|Classification and external resources|
Camptodactyly is a medical condition that causes one or more fingers to be permanently bent. It involves fixed flexion deformity of the proximal interphalangeal joints. The fifth finger is always affected.
Camptodactyly can be caused by a genetic disorder. In that case, it is an autosomal dominant trait that is known for its incomplete genetic expressivity. This means that when a person has the genes for it, the condition may appear in both hands, one, or neither. A linkage scan proposed that the chromosomal locus of camptodactyly was 3q11.2-q13.12.
The name is derived from the ancient Greek words kamptos (bent) and daktylos (finger).
The specific cause of camptodactyly remains unknown, but there are a few deficiencies that lead to the condition. A deficient lumbrical controlling the flexion of the fingers, and abnormalities of the flexor and extensor tendons.
- Jacobsen syndrome
- Beals Syndrome 
- Blau syndrome
- Freeman-Sheldon syndrome
- Cerebrohepatorenal syndrome
- Weaver syndrome
- Christian syndrome 1
- Gordon Syndrome
- Jacobs arthropathy-camptodactyly syndrome
- Lenz microphthalmia syndrome
- Marshall-Smith-Weaver syndrome
- Oculo-dento-digital syndrome
- Tel Hashomer camptodactyly syndrome
- Toriello-Carey syndrome
- Stuve-Wiedemann syndrome
- Loeys-Dietz syndrome
- Fryns syndrome
- Marfan's syndrome
- Carnio-carpo-tarsal dysthropy
Pattern of inheritance
The pattern of inheritance is determined by the phenotypic expression of a gene—which is called expressivity. Camptodactyly can be passed on through generations in various levels of phenotypic expression, which include both or only one hand. This means that the genetic expressivity is incomplete. It can be inherited from either parent.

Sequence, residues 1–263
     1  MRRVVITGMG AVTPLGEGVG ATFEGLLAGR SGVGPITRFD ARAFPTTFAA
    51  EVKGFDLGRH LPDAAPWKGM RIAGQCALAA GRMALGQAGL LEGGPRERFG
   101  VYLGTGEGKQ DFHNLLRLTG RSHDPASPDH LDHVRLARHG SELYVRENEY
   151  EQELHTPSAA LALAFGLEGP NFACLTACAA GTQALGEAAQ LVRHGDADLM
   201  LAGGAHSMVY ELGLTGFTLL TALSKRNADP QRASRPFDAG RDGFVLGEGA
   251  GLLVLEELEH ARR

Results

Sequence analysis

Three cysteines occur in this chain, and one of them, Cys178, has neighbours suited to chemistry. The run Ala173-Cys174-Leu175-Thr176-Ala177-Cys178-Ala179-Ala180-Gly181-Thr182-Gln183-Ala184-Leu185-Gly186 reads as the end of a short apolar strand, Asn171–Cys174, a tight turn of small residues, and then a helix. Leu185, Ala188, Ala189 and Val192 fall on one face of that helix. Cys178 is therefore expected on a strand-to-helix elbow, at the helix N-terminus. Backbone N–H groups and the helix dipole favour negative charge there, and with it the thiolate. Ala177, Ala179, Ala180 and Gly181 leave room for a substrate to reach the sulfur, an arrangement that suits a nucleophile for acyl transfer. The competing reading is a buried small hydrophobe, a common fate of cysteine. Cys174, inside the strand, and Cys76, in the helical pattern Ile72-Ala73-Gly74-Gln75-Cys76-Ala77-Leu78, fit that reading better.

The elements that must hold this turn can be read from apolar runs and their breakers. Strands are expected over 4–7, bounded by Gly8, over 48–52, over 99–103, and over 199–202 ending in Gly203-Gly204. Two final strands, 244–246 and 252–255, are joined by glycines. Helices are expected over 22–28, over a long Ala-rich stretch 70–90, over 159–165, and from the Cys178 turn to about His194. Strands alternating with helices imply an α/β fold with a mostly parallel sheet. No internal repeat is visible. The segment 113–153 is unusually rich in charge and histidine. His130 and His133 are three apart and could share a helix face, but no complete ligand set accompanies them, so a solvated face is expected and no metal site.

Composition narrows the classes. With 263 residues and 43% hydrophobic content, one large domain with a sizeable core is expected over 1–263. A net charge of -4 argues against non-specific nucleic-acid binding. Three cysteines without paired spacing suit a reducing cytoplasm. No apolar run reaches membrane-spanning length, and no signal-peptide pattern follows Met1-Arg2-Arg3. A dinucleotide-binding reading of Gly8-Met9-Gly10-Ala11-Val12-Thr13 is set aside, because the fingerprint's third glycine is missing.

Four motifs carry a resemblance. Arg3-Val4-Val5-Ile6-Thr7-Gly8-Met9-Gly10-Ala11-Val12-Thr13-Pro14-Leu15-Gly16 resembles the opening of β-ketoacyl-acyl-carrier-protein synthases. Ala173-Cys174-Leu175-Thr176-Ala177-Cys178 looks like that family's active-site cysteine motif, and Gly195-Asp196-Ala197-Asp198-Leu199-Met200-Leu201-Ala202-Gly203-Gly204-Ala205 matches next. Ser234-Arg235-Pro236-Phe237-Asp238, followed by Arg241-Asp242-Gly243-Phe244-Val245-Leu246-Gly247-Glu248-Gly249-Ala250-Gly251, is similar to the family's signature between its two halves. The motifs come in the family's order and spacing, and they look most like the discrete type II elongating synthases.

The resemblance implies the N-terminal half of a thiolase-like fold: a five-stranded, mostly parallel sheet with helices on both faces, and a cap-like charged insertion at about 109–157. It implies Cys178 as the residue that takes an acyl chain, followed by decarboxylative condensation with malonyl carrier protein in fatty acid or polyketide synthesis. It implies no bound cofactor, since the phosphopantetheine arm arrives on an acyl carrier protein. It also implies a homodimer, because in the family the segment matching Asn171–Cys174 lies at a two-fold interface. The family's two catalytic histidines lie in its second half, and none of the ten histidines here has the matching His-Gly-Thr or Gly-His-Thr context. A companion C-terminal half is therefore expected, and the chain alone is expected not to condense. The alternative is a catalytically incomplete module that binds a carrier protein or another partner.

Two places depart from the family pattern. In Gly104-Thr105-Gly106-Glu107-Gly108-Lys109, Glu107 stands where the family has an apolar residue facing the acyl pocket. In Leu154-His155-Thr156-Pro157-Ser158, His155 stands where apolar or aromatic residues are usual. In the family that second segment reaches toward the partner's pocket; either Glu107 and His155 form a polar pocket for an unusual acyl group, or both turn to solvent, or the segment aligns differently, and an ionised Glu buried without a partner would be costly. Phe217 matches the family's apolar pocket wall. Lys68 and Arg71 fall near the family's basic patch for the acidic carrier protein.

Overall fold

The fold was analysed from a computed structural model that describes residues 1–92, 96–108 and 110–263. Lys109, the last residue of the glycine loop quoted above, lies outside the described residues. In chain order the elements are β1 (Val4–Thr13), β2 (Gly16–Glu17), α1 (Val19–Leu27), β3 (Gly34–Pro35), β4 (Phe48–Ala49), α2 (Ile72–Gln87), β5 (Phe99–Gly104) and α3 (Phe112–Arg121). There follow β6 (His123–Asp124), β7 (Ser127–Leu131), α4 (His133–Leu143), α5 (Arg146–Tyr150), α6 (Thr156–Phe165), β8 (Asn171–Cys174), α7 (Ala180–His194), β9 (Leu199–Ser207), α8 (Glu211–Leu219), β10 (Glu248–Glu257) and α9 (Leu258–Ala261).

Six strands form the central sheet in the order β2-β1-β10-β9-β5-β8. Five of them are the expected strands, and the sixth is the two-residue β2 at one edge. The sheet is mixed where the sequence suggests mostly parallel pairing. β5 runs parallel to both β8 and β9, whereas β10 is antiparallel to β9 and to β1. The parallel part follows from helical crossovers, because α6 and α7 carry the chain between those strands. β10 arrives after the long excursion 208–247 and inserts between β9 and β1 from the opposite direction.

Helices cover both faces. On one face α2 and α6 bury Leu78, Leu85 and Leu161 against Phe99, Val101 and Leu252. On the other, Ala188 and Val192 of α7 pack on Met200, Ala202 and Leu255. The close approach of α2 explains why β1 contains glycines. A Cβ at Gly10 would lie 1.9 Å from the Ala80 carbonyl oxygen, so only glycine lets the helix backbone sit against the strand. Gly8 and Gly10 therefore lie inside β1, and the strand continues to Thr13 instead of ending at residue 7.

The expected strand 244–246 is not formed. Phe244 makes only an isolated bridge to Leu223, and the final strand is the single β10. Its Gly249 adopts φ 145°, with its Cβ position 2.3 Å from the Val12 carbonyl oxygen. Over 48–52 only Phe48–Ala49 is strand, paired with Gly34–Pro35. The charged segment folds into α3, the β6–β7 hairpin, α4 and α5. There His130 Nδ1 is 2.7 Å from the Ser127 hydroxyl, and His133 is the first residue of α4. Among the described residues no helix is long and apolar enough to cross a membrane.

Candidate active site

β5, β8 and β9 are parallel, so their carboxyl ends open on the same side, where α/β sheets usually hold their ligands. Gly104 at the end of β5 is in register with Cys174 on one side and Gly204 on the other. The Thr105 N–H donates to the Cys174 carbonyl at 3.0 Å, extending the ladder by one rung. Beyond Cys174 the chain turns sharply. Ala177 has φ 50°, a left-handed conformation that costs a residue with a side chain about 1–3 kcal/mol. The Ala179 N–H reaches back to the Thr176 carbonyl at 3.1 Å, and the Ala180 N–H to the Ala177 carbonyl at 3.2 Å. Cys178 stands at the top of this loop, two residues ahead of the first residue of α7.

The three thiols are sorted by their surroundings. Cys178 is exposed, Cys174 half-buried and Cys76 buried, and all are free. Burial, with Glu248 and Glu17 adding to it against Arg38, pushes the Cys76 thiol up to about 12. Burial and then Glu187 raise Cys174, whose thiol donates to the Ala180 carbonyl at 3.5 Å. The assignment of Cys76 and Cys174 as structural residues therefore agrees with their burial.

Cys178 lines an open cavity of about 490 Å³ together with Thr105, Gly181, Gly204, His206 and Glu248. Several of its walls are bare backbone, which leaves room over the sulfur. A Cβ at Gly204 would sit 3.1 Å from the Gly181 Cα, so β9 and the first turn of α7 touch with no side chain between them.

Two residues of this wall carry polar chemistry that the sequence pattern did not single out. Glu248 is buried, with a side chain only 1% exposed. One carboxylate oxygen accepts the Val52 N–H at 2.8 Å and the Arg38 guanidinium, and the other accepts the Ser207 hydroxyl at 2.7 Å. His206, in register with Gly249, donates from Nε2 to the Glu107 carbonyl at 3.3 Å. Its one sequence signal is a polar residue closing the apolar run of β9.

In most of its cases, camptodactyly occurs sporadically, but it has been found in several studies that it is inherited as an autosomal dominant condition.
If a contracture is less than 30 degrees, it may not interfere with normal functioning. The common treatment is splinting and occupational therapy. Surgery is the last option for most cases as the result may not be satisfactory.
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- Young I. D.; Simpson K.; Winter R. M. (1986). "A case of Fryns syndrome". J. Med. Genet 23 (1): 82–88. doi:10.1136/jmg.23.1.82. PMC 1049547. PMID 3950939.
- Metin Işık (2011). Turkish Journal of Physical Medicine and Rehabilitation http://www.ftrdergisi.com/tr/makale/1836/178/Tam-Metin. Retrieved 11/3/2013. Check date values in:
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- Cummings, Michael R. (2011). Human Heredity: Principles and Issues. Cengage Learning. pp. 87, 88.
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